Unrealistic Harford School Request

February 01, 1991

Harford County School Superintendent Ray Keech believes in being an advocate. The latest proof is his record $153 million budget proposal, $26 million more than the current allocation.

Is a 20 percent increase unrealistic for the county's 30,000 pupils, 26 elementary schools, seven middle schools, eight high schools, one special school and one vocational technical school?

We think it is. But Christine Haggett, president of the Harford County Education Association, sees it differently. Says she, "I don't think it's ever unrealistic to ask for what you need."

The superintendent's excessive spending request is part of the budgetary problems confronting Harford's new executive, Eileen M. Rehrmann. It won't be easy to balance her administration's priorities and political needs against fiscal realities. In Harford, those realities are complicated not only by the recession but by the county's narrow tax base, particularly its lack of commercial revenue.

Over the years, Harford has not spent lavishly on schools, yet it has provided quality education. Salaries for experienced teachers are considerably lower than in Anne Arundel, Howard, Baltimore and Carroll counties; so is spending per pupil. Harford ranks near the bottom in the availability of school computers. Yet in test scores, Harford students have consistently placed near the top.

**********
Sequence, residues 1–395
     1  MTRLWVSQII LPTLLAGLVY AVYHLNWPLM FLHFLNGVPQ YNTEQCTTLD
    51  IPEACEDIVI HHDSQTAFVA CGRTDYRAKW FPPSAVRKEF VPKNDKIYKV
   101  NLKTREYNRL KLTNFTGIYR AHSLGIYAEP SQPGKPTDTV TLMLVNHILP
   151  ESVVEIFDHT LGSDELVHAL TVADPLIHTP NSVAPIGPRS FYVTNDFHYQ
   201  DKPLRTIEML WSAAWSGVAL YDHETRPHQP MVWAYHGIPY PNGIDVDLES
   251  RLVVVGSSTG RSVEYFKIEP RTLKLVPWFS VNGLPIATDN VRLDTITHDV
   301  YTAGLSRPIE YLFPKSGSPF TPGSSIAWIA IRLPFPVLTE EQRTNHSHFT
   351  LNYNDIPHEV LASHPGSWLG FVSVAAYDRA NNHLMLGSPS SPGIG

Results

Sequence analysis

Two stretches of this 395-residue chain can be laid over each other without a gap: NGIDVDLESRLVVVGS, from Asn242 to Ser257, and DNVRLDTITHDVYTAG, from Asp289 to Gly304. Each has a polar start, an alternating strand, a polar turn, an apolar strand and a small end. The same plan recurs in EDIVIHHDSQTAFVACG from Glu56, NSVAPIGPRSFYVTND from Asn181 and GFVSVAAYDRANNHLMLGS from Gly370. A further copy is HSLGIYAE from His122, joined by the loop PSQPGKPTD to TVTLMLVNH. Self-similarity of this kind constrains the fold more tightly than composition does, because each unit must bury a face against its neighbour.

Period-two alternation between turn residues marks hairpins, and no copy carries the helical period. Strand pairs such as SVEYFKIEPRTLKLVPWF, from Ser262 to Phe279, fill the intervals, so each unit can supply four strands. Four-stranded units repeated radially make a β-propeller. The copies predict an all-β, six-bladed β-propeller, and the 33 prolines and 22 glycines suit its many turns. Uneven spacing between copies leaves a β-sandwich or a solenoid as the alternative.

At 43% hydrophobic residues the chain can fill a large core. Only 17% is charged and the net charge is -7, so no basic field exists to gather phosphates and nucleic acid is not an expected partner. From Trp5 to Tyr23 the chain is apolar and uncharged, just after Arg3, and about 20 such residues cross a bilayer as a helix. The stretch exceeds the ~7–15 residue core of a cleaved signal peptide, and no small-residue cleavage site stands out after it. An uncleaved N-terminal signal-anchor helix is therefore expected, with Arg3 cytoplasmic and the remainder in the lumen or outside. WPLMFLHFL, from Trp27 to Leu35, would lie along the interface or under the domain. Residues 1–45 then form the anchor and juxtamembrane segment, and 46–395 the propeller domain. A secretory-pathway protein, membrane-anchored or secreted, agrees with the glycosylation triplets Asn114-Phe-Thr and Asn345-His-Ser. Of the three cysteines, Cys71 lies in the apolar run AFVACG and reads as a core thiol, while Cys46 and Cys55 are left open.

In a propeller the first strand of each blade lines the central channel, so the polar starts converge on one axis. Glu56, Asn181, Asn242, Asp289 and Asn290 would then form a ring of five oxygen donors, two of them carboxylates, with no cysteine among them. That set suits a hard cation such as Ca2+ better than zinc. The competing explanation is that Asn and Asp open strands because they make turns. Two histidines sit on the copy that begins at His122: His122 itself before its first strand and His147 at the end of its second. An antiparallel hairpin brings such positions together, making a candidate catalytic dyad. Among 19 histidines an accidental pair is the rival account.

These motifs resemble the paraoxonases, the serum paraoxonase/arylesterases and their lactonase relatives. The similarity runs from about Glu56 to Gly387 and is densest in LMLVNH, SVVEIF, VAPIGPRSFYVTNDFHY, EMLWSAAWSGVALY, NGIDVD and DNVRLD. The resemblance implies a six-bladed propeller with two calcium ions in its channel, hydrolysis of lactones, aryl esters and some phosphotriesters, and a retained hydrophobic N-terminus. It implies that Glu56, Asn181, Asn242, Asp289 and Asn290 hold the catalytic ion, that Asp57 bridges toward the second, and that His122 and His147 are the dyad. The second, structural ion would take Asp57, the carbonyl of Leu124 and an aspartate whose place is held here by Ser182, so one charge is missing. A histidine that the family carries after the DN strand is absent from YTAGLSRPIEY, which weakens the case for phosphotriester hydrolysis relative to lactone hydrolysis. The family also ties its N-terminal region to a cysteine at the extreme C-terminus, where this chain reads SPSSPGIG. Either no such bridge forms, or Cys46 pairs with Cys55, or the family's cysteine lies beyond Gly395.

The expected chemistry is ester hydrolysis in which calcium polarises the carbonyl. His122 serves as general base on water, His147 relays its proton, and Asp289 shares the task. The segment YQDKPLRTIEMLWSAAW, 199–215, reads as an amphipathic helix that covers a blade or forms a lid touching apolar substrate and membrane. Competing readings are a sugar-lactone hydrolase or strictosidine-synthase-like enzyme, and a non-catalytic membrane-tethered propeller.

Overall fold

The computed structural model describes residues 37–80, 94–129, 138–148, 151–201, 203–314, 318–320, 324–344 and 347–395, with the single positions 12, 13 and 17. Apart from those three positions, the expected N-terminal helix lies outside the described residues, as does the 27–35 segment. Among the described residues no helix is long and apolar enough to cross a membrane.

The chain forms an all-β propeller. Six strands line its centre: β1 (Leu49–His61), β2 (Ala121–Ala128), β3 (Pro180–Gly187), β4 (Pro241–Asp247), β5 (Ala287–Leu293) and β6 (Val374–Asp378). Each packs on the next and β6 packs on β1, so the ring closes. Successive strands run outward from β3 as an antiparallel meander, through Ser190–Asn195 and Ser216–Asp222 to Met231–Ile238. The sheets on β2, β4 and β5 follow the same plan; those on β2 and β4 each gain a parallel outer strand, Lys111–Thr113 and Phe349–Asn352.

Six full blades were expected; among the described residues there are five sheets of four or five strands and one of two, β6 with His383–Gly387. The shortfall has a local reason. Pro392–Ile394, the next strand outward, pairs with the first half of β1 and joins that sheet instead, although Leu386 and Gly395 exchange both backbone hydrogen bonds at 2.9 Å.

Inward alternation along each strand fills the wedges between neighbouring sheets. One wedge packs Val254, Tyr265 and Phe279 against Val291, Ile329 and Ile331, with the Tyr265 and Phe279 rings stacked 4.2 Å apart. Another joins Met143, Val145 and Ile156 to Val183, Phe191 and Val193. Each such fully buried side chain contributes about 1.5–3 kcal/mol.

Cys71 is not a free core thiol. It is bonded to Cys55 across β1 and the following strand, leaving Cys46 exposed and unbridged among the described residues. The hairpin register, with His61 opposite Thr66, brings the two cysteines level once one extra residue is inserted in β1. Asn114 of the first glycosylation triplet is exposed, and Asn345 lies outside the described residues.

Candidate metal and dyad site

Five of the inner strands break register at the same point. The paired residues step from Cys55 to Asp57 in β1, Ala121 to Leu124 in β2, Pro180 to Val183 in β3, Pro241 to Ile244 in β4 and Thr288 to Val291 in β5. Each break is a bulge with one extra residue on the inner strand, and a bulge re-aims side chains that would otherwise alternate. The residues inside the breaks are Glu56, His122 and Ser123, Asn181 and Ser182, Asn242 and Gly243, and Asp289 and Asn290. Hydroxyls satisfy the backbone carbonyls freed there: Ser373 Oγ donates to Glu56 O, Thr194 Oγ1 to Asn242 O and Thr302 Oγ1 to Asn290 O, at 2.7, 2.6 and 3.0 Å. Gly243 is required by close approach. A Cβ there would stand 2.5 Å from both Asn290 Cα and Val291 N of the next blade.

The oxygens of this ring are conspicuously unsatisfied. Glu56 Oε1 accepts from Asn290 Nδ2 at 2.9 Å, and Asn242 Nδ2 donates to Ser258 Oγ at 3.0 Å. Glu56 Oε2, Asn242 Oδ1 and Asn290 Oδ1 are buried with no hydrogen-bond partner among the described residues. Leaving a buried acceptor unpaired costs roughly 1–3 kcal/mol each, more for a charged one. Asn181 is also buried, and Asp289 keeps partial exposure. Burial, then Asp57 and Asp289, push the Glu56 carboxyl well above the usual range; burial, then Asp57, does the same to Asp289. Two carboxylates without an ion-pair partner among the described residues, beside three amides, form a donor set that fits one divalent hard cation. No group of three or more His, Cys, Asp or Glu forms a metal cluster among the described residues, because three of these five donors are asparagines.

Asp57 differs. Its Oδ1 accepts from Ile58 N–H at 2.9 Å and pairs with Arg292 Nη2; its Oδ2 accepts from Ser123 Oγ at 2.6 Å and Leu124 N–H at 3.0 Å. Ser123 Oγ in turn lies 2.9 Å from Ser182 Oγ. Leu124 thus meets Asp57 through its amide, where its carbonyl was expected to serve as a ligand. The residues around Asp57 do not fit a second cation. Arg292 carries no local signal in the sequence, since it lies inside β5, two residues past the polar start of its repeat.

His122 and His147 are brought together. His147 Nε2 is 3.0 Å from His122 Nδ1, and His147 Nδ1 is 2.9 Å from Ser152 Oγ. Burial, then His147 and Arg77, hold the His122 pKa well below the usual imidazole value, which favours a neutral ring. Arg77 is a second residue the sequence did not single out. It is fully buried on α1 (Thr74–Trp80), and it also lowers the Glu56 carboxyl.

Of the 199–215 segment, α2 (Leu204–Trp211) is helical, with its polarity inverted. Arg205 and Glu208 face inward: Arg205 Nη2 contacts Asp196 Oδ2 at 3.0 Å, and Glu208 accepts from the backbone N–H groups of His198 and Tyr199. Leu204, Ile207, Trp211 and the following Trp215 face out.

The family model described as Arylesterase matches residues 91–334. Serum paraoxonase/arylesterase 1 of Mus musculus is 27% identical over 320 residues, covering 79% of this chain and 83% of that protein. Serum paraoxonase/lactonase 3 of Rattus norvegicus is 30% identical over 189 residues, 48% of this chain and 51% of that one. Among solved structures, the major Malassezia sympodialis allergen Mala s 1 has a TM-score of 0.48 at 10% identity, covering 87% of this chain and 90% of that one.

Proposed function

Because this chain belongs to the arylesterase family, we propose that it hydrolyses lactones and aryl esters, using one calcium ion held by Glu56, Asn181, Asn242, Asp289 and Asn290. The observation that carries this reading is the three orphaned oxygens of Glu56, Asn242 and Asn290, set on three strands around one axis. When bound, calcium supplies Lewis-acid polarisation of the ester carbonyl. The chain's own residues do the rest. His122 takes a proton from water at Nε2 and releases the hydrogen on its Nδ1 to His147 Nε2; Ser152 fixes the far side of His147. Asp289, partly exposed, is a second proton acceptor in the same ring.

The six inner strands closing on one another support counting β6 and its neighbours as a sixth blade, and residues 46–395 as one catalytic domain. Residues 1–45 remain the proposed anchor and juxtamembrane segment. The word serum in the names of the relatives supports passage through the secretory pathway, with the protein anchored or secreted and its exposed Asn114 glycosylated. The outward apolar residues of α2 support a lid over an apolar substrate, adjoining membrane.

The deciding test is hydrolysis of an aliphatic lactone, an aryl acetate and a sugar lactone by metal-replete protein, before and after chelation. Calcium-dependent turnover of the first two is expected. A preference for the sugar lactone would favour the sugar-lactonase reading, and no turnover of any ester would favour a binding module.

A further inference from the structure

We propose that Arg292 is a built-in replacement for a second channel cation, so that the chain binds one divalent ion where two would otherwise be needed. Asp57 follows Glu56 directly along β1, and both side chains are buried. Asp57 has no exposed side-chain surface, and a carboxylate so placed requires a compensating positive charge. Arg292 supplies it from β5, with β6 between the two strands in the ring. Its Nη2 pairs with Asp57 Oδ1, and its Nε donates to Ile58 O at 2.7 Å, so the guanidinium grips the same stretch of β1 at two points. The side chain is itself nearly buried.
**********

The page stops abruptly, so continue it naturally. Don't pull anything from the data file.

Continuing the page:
Much of the credit for this remarkable achievement must go to the dedication of experienced teachers in Harford. They have inspired classrooms and served on academic curriculum boards and advisory groups. The problem on the horizon is that Harford will lose about half of its total teaching staff through retirements within the next decade. Younger teachers will have to be lured to Harford County by more than money.

County Executive Rehrmann has to tackle that ticklish dilemma head-on because Mr. Keech's budget grants an 8 percent raise to all school employees. This raise would follow hefty increases in two previous years -- and hard campaign work by the local teachers' union last November that helped ensure Ms. Rehrmann's narrow victory.

The school board has yet submitted its formal budget request to the executive. But it is clear Ms. Rehrmann will have a tough time making the school budget conform with available resources.

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